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G-quadruplexes in the HIV-1 genome: novel targets for the development of selective antiviral drugs

Project information

Grant agreement ID: 615879

Status

Closed project

  • Start date

    1 May 2014

  • End date

    30 April 2019

Funded under:

FP7-IDEAS-ERC

  • Overall budget:

    € 1 989 471

  • EU contribution

    € 1 989 471

Hosted by:

UNIVERSITA DEGLI STUDI DI PADOVA

English EN

G4s: the long sought-after targets for future HIV-1 treatment?

HIV-1 is the virus strain responsible for most HIV infections worldwide. But it has one weakness: it depends on the cell’s G-quadruplexes (G4s) for its transcription, which makes it sensitive to antiviral drugs specifically targeting these G4s.

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It’s all due to what you could call a design flaw in this virus that has been plaguing the world for decades. There is only one region of HIV-1’s DNA where gene transcription is initiated – its gene promoter – and the European Research Council (ERC)-funded project HIV LTR G-4 (G-quadruplexes in the HIV-1 genome: novel targets for the development of selective antiviral drugs) has recently found that region to be filled with G4s. This is true even for a virus in a latent state which, until now, has been completely invisible to immune cells and therapy. “This discovery is very important and has implications at different levels,” says Sara Richter, professor in Microbiology and Clinical Microbiology at the University of Padua and ERC grantee and principal investigator for the project. “It means that G4s are key for viral transcription and, since each G4 has its own peculiar structure, they are specifically targetable, it also means that we have identified a potential pathway to effectively target and eliminate the virus even when it’s in a latent state.”

New selective compounds

Richter found good starting points for her research in four different molecules displaying anti-HIV-1 activity. The first one is a G4 ligand inhibiting HIV-1 with effective concentration in the low micromolar range, from which she and her team synthesised a second class of molecules with effective potential against HIV-1 in the nanomolar range. The third molecule was found by screening a commercial library: it is selective for HIV-1 G4s but binds poorly to cellular G4s. Finally, the team focused on a fourth molecule called aptamer AS1411 – an anticancer agent found to inhibit HIV-1 entry by binding to a viral co-receptor on the cell surface. “The results of our research met our initial expectations. We identified some compound leads that target HIV G4 with a good level of selectivity and display antiviral activity. We also demonstrated how the G4-based centre of HIV transcription regulation is controlled by cellular proteins with an impressively fine-tuned network between G4s and cellular proteins. Moreover, we reported – at the nuclear magnetic resonance (NMR) resolution level – the structures of the most important HIV G4s. This allows for the rational design/optimisation of drug targeting,” Richter explains.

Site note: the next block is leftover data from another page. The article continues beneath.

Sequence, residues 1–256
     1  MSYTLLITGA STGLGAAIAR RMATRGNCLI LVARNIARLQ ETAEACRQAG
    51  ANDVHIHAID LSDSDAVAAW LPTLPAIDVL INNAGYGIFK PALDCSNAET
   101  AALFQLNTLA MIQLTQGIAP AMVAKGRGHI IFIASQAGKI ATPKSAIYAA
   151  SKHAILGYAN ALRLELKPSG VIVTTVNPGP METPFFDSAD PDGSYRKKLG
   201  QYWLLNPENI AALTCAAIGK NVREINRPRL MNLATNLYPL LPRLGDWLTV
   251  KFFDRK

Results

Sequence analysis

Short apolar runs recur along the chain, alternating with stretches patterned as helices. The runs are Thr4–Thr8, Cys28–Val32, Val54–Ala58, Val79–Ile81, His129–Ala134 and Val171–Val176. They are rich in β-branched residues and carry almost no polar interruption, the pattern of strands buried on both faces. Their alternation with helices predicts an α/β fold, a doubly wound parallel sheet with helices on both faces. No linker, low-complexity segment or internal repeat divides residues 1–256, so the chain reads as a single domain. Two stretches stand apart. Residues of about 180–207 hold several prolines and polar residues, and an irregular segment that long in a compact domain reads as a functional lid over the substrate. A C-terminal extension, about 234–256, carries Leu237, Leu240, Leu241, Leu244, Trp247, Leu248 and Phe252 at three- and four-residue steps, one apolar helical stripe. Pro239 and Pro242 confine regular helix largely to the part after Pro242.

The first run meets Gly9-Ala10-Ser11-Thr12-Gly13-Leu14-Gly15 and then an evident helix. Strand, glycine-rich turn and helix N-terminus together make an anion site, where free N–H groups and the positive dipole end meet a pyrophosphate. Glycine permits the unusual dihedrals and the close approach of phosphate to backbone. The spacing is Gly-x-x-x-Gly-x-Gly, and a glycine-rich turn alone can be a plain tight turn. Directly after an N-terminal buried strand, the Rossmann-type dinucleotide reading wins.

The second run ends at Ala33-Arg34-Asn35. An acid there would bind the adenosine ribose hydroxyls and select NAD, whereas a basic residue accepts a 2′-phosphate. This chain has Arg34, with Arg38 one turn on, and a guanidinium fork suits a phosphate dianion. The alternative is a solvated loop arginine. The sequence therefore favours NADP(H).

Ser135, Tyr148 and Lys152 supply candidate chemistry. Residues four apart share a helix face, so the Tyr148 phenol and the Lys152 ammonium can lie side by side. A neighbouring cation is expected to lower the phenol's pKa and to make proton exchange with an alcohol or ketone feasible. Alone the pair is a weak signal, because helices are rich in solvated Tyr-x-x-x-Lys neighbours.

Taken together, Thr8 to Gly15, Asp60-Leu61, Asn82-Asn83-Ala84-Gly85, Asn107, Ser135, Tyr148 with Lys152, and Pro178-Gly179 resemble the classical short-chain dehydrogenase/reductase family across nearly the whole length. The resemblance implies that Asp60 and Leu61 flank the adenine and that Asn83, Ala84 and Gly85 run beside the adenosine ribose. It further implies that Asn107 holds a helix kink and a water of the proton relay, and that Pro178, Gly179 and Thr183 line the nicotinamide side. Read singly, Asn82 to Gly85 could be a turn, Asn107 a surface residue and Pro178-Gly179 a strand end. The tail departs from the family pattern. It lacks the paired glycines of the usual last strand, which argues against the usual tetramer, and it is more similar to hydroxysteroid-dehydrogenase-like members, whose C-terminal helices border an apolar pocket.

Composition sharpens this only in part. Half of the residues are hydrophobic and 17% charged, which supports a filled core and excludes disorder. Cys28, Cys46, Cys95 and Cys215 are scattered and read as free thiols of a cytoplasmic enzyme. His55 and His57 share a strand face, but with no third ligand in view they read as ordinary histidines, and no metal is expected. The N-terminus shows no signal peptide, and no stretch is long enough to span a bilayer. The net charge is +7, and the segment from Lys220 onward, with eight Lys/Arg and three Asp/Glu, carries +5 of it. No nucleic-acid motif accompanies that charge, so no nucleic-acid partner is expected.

Promising results

Of course, there is still much work to be done before these findings can result in a new generation of anti-HIV drugs. But this ERC-funded team has recently published a paper showing how a peptide nucleic acid (PNA) strategy enables the delivery of G4-stabilising compounds to the exact HIV G4 location. Results of additional research from the same team were also recently submitted. They showcase the development of a high-throughput method that can be applied to search for drug-like molecules against any single G4 structure of choice. “In our case, this high-throughput sequencing (HTS) strategy enabled the identification of a family of drug-like compounds targeting the most important HIV G4 with a specific and unique type of interaction. The compounds have good antiviral activity and are not toxic for the cells. We are currently checking if the antiviral activity can be further improved by rationally modifying the family of compounds based on the NMR structural data that we provided,” Richter points out. Richter and her team are currently in touch with collaborators to test their compounds on animal models. Even though they still have to do this, their research has provided a whole new level of understanding of the HIV promoter structure and the regulation of viral transcription by G4 structures.

Keywords

HIV LTR G-4, HIV-1, G4, DNA, viral transcription, treatment, HIV, HTS, G-quadruplexes

Project information

Grant agreement ID: 615879

Status

Closed project

  • Start date

    1 May 2014

  • End date

    30 April 2019

Funded under:

FP7-IDEAS-ERC

  • Overall budget:

    € 1 989 471

  • EU contribution

    € 1 989 471

Hosted by:

UNIVERSITA DEGLI STUDI DI PADOVA

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